You may be able to reduce redness and inflammation from acne by choosing certain skin care products, such as a gentle cleanser and hypoallergenic moisturizer, along with other practices.

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Even 10-step skin care routine devotees get pimples. If you’re suffering from red, irritated acne blemishes, there are ways you can minimize redness through skin care efforts.

However, if you’ve arrived to this page with little time to spare, there are also some tips for concealing blemishes until you can get the redness to go away for good.

The keys to reducing redness from acne are to apply anti-inflammatory compounds while being gentle to your skin. That’s right — gentle. This means don’t try to use every scrub or irritating product to treat your acne. Instead, try using a “keep it simple“ approach.

If you apply too many oil-removing products, your skin could react the opposite way: It could start to overproduce oil, which will worsen your acne. The goal is to keep your skin clean and apply targeted products to reduce redness while your blemishes heal.

Here are some tips for reducing redness:

  • Cleansing. Cleanse the skin twice daily (morning and night) with a gentle, fragrance-free, and noncomedogenic (won’t clog pores) cleanser.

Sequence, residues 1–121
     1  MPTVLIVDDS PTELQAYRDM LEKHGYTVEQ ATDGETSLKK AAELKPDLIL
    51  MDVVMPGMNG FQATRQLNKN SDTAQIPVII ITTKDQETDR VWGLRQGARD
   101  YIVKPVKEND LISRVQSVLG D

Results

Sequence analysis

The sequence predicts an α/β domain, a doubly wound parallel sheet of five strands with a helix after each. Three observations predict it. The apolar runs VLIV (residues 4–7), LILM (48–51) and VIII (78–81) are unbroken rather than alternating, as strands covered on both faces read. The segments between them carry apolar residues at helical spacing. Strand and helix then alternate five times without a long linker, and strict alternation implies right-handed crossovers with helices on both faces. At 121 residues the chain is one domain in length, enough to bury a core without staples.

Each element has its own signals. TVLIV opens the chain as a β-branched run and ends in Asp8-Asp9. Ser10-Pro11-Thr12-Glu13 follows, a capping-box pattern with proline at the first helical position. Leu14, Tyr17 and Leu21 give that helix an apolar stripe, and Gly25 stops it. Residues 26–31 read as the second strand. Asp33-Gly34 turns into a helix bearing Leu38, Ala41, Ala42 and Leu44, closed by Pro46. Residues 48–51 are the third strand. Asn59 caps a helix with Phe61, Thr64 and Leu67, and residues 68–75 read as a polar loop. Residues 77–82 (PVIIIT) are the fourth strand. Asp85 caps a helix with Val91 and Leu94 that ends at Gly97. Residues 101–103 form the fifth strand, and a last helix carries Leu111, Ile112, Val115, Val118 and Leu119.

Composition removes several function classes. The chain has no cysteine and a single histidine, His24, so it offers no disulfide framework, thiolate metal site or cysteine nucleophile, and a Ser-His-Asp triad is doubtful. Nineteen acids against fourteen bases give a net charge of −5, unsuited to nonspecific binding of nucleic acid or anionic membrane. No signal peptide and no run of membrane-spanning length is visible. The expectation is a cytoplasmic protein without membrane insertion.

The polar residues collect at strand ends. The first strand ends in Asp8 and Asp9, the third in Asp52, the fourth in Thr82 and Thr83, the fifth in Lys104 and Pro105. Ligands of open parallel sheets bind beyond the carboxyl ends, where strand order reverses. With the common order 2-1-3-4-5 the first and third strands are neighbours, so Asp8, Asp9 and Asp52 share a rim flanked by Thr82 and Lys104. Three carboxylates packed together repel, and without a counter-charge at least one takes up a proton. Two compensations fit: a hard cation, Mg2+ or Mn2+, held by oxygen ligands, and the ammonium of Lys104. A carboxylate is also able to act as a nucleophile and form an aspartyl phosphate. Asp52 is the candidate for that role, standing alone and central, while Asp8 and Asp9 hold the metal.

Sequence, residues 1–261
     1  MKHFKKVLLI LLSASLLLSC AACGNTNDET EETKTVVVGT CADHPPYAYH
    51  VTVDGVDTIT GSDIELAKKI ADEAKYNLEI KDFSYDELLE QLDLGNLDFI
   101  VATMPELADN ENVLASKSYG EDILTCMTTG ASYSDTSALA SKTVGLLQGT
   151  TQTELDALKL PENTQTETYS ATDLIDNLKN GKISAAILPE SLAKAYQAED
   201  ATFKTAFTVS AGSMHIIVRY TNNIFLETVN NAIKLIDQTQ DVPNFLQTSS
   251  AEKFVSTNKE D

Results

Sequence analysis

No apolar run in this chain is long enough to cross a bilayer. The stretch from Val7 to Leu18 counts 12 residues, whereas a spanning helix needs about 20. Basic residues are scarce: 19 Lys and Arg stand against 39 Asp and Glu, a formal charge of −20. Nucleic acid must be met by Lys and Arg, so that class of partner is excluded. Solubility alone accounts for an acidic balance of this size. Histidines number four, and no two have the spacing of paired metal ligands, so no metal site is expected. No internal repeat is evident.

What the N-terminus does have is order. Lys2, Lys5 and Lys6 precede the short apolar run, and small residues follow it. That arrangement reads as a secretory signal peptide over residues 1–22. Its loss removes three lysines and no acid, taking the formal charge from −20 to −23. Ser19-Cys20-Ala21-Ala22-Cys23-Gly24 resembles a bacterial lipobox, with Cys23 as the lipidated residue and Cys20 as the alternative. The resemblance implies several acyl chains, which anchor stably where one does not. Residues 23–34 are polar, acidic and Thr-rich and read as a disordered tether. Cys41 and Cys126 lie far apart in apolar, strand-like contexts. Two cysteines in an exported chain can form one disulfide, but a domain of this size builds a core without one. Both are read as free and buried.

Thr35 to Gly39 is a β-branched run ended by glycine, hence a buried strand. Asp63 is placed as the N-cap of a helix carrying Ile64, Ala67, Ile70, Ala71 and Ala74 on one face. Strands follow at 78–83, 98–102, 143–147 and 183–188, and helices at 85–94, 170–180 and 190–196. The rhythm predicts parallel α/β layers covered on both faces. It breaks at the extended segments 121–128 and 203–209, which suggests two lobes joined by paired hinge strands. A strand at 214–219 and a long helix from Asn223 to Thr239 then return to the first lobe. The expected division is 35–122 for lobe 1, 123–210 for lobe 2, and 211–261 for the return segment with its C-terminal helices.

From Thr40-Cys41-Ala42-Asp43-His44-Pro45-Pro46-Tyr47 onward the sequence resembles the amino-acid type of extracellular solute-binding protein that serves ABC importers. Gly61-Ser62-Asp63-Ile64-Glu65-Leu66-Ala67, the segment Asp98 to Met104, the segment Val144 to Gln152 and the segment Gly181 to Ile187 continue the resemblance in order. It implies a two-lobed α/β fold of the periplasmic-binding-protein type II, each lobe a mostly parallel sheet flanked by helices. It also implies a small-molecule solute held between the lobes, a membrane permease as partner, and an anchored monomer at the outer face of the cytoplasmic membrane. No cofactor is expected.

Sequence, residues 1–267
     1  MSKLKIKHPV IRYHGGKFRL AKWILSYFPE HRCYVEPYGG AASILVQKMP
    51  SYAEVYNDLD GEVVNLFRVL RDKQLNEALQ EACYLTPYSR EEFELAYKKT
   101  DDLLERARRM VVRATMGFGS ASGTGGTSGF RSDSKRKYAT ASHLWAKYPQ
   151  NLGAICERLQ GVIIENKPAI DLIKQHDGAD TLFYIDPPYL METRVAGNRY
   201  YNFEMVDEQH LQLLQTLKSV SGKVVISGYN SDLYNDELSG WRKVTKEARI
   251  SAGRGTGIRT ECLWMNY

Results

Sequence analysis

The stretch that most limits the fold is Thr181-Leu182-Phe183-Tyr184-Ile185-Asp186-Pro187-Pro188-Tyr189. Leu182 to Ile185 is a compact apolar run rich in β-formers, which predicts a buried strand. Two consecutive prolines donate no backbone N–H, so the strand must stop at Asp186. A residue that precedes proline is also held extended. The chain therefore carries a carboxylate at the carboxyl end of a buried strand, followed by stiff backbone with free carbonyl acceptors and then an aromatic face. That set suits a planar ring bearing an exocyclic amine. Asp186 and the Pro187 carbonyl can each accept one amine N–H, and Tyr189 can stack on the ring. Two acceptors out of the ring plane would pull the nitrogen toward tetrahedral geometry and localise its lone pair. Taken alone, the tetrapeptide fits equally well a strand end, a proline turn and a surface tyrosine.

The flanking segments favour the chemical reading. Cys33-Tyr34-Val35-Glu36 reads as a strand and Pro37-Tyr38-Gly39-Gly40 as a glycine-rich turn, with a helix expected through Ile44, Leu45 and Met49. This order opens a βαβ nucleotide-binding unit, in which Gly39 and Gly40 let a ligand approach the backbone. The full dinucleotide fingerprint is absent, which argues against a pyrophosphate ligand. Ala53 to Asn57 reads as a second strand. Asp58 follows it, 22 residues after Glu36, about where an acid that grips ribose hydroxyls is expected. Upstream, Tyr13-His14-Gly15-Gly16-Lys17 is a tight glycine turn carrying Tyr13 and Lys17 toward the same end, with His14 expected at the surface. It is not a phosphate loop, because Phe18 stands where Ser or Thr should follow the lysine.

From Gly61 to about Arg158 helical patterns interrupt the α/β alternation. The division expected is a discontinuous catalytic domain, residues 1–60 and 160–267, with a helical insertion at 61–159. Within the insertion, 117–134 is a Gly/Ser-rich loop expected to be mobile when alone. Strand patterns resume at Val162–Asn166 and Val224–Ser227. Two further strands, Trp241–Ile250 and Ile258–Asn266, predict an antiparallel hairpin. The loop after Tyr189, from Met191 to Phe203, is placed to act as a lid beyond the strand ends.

• Niacinamide. Add a product with niacinamide into your daily routine. Niacinamide is a water-soluble form of vitamin B3 that’s been shown to reduce acne-related inflammation and redness. You can usually find it in serum or cream forms for topical application.
  • Salicylic acid. Apply topical salicylic acid to red, irritated blemishes. Salicylic acid is a peeling agent that also has anti-inflammatory (anti-redness), antimicrobial, and antifungal properties when applied at percentages ranging from 0.5 to 5 percent.
  • Pimple patches. Consider pimple patches or stickers. If the redness is limited to one (or two) locations, you can purchase pimple patches designed to minimize a pimple’s appearance. Most contain salicylic acid, niacinamide, vitamin C, or some combination of ingredients designed to reduce the pimple’s appearance and promote healing.
  • Ice. Apply a cloth-covered ice pack or piece of ice over areas of redness. Leave on for 10 minutes or less.
  • Hypoallergenic. Use a lightweight, noncomedogenic moisturizer to keep your skin from drying out. Some key words to look out for when purchasing include hypoallergenic in a lotion or gel formulation that usually contains moisturizers, such as hyaluronic acid.

Sometimes, you’ll need to call in the professionals for consistent, painful, and inflamed pimples. A dermatologist can evaluate your skin and prescribe professional-level treatments, such as topical applications, chemical peels, or laser therapy.

Acne can also closely resemble rosacea, a condition that causes significant skin redness. Because the treatments for rosacea can be different from traditional acne-fighting approaches, it’s a good idea to see a dermatologist if you’re not sure.